Nora blends creativity & people skills for the ultimate mix of marketing magic!

At 2A Nora Bright has found a place where her prodigious people skills and acuity for creative approaches to business problems work in tandem. Her knack for the arts, culture, and imaginative business strategies lead to the surprising and innovative approaches to marketing that her clients can’t get enough of. 

Nora first explored her creativity as a multi-instrumentalist musician. Before killing it on the drums as part of the opening act for some major artists (Ty Segall!) on campus at Scripps College, Nora was already uncovering her knack for leadership. She worked in the non-profit sector at several prominent arts and culture organizations in Los Angeles including the Colburn School, a music conservatory where she studied clarinet with world-class instructors. She impressed the leadership of Colburn, eventually following the director to New Roads School, where she had her first formal position as a Development Assistant. 

But Nora truly discovered the extent of her talent for people management when she served as a 23-year-old co-owner of her family’s recruiting business. Instead of taking a backseat to more seasoned team members or sticking close to the script of how things had always been, Nora immediately took on the challenges of leadership, managing the day-to-day operations of the company with an eye on growth. She sought one-on-ones with colleagues and clients with a sincere interest in gaining a more nuanced understanding of their challenges. She understood that her greatest strength as a leader would lie in her ability to empathize with and understand the perspectives of her collaborators. It was the beginning of Nora honing what she refers to as “servant-leadership”, an approach that allows her to see her role as one of service, even when it comes to employees.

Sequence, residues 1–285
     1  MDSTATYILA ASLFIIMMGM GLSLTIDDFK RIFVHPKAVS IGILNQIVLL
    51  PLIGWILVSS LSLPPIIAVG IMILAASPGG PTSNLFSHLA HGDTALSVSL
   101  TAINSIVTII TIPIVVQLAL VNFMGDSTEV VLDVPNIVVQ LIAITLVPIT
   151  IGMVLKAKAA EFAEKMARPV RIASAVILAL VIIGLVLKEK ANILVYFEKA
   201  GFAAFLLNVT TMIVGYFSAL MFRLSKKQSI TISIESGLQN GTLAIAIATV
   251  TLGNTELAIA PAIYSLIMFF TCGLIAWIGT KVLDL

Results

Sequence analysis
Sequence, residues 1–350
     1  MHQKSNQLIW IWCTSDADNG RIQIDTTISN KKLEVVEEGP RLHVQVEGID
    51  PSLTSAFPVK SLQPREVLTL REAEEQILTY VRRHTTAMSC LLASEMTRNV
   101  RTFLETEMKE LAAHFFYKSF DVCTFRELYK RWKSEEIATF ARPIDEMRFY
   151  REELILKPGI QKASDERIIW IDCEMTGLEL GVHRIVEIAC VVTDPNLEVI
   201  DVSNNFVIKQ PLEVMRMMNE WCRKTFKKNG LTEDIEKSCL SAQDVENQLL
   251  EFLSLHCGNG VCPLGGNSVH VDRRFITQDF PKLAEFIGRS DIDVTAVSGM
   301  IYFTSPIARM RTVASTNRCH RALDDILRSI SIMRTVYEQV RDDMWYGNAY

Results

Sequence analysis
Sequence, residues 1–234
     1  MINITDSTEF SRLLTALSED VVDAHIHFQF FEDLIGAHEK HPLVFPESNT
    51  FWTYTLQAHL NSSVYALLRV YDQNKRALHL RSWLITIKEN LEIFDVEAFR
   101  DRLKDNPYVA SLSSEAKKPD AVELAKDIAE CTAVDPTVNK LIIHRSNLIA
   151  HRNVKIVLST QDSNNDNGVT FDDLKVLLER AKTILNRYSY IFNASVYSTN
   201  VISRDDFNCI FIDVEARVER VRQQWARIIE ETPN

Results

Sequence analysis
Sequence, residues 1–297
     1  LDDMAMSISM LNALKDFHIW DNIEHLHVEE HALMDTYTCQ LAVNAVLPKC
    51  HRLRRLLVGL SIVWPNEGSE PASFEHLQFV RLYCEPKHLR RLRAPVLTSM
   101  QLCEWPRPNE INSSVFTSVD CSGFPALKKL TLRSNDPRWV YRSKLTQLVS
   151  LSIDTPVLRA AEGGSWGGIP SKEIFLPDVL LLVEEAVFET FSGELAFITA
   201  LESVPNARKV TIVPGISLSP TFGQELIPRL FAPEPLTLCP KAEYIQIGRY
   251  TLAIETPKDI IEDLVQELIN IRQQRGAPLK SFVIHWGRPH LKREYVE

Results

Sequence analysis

Through a commitment to gaining greater awareness of the needs of her customers and team, Nora managed to quickly build a positive rapport with the company’s clients. She supercharged the work culture, successfully diffused internal conflicts, and brought new creative strategies to the company’s marketing challenges. Her hard work paid off, ultimately propelling the company into a new era, with a 47% increase in revenue. As a testament to her people skills, many of the new clients under her tenure at the recruiting firm were former employers, including the Colburn School, where she successfully placed several key roles, including a Deputy Director. 

Following a transformative experience with her family business, Nora was inspired by the depth of her impact on people. She was excited by her ability to help others realize their strengths and was prepared to take her leadership and marketing skills to new dimensions. She decided on an MBA at the University of Washington’s Foster School of Business. 

It may have been the oysters that first attracted Nora to 2A’s on-campus recruitment happy hour, but the more she learned about the company’s reputation for combining creativity with marketing expertise, the more she wanted to know. Once she had an opportunity to personally meet with several members of the 2A team, things really clicked for Nora. She found the culture extraordinarily creative, welcoming, dynamic, and nourishing.  

When she’s not brainstorming fresh marketing strategies for her clients at 2A, Nora’s grooving to Yo La Tengo, Riot Grrrl, and honing her own electric guitar skills. 

2A’s favorite coffee shops from Seattle and beyond


2A’s favorite coffee shops from Seattle and beyond

By Joe Belcher

2A’s favorite coffee shops from Seattle and beyond

Image by Rachel Adams

I look forward to coffee shops a little more as we head into fall, my favorite of the four seasons. Something about pants, a warm sweater or light jacket, and a walk to Ampersand on Alki Beach for a half-caf Americano with one cream and one sugar. And on the weekends, I treat myself to the homemade biscuit, egg, and bacon breakfast sandwich. Battling the dad bod, I limit myself to one per week.